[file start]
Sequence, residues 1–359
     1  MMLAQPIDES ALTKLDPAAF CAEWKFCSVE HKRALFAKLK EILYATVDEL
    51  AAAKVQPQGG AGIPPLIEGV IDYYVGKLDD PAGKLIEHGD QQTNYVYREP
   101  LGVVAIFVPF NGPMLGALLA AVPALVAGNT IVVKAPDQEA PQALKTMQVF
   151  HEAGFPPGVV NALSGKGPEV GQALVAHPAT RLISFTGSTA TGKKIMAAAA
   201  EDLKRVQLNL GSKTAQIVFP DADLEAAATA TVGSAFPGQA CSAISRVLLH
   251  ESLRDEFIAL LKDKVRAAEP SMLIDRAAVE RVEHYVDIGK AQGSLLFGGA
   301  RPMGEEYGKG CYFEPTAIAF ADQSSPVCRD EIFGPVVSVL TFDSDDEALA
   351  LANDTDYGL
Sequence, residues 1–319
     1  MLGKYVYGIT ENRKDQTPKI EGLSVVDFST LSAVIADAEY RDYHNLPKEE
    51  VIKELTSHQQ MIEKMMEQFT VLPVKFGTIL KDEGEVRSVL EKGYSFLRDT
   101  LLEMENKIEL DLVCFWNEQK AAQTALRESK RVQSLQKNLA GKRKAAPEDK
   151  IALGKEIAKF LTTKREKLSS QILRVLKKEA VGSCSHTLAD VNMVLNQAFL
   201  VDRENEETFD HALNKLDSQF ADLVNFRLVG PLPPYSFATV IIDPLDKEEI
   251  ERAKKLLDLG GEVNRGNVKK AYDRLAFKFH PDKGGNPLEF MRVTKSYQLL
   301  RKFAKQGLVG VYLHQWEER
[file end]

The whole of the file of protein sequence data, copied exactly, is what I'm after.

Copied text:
Sequence, residues 1–359
     1  MMLAQPIDES ALTKLDPAAF CAEWKFCSVE HKRALFAKLK EILYATVDEL
    51  AAAKVQPQGG AGIPPLIEGV IDYYVGKLDD PAGKLIEHGD QQTNYVYREP
   101  LGVVAIFVPF NGPMLGALLA AVPALVAGNT IVVKAPDQEA PQALKTMQVF
   151  HEAGFPPGVV NALSGKGPEV GQALVAHPAT RLISFTGSTA TGKKIMAAAA
   201  EDLKRVQLNL GSKTAQIVFP DADLEAAATA TVGSAFPGQA CSAISRVLLH
   251  ESLRDEFIAL LKDKVRAAEP SMLIDRAAVE RVEHYVDIGK AQGSLLFGGA
   301  RPMGEEYGKG CYFEPTAIAF ADQSSPVCRD EIFGPVVSVL TFDSDDEALA
   351  LANDTDYGL
Sequence, residues 1–319
     1  MLGKYVYGIT ENRKDQTPKI EGLSVVDFST LSAVIADAEY RDYHNLPKEE
    51  VIKELTSHQQ MIEKMMEQFT VLPVKFGTIL KDEGEVRSVL EKGYSFLRDT
   101  LLEMENKIEL DLVCFWNEQK AAQTALRESK RVQSLQKNLA GKRKAAPEDK
   151  IALGKEIAKF LTTKREKLSS QILRVLKKEA VGSCSHTLAD VNMVLNQAFL
   201  VDRENEETFD HALNKLDSQF ADLVNFRLVG PLPPYSFATV IIDPLDKEEI
   251  ERAKKLLDLG GEVNRGNVKK AYDRLAFKFH PDKGGNPLEF MRVTKSYQLL
   301  RKFAKQGLVG VYLHQWEER